Public Relations (PR) and Publicity
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Post No.: 0538   Furrywisepuppy says:   ‘Public relations’ (PR) is said to be controlled internally by a company or its agents, whilst ‘publicity’ is said to be not directly controlled by the party that a news story concerns. The … Read More

Want to Make a Name for Yourself? Say Something Original
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Post No.: 0530   Furrywisepuppy says:   Any ‘health guru’ who wants to make a name for him/herself must ideally come up with some kind of proprietary USP or original piece of insight. So while passing genuinely healthy nutritional advice … Read More

Novel and Contradictory Findings
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Post No.: 0505   Fluffystealthkitten says:   Most real science is incremental i.e. genuine revolutions and paradigm shifts are incredibly rare – science can therefore seem boring to some. Meanwhile, the media and us, their audience, crave to discover and … Read More

The Tendency to Cherry-Pick Evidence to Confirm our Biases
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Post No.: 0491   Furrywisepuppy says:   It would be impossible to sift through all of the academic papers out there in the world ever so we must seek some fluffy shortcuts, such as relying on the verdicts of journalistic … Read More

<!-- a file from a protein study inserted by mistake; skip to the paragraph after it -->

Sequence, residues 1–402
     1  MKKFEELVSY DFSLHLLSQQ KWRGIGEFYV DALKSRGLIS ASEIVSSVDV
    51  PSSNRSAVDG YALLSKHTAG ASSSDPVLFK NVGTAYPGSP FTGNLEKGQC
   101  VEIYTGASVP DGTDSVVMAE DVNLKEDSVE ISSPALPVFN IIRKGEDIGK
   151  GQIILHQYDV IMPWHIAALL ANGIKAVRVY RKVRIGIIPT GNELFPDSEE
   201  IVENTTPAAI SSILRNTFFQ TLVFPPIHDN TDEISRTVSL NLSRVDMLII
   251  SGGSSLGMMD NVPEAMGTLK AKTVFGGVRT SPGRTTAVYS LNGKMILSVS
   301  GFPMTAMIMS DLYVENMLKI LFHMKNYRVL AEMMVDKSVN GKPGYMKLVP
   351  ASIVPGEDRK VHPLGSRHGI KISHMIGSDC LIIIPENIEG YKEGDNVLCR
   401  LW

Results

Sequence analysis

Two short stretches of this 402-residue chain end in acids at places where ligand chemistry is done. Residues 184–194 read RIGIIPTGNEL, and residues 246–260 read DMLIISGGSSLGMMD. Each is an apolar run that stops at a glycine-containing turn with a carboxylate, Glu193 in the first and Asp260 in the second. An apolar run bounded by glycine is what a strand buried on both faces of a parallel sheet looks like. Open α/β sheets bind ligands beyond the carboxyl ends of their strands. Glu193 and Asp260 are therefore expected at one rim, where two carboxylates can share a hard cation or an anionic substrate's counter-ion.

Ecological, External and Internal Validity
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Post No.: 0479   Furrywisepuppy says:   In science, ‘ecological validity’ is the degree to which the settings, materials, procedures, timescales, etc. of an experiment approximate the real world it’s trying to emulate. So when people criticise a laboratory-based experiment … Read More

The Process for Obtaining the Best Truth We Can Say Right Now
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Post No.: 0473   Furrywisepuppy says:   The reason why the scientific process is the most reliable way to obtain the truth is because of the testing and challenging of beliefs and hypotheses, and the need for evidence. Things aren’t … Read More

Operationalisation and Operational Definitions
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Post No.: 0461   Furrywisepuppy says:   Many phenomena or attributes that we intuitively think exist cannot be directly measured, but their existence can be inferred via other phenomena that are measurable. Examples include ‘intelligence’, ‘health’, being ‘strong’, ‘beautiful’, ‘deadly’ … Read More

It Only Stands Out Because It’s Rare
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Post No.: 0428   Fluffystealthkitten says:   It’s absolutely fantastic, for example, to hear news stories about women in CEO positions or winning in mixed gender sports contests. But wouldn’t it actually be even more fantastic if we lived in … Read More

Ethical or Problematic Issues in Reportage
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Post No.: 0411   Furrywisepuppy says:   There are a multitude of ethical or problematic issues in journalism or reportage that we as the audience must be aware of. These include freebies – you may be surprised how many times … Read More

News Cycles, and Political and Local Biases
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Post No.: 0393   Furrywisepuppy says:   A perfect event at the wrong time is often ignored and wasted, whereas a bad event at the perfect time in the news cycle often gets picked up anyway. (Likewise, a perfect product … Read More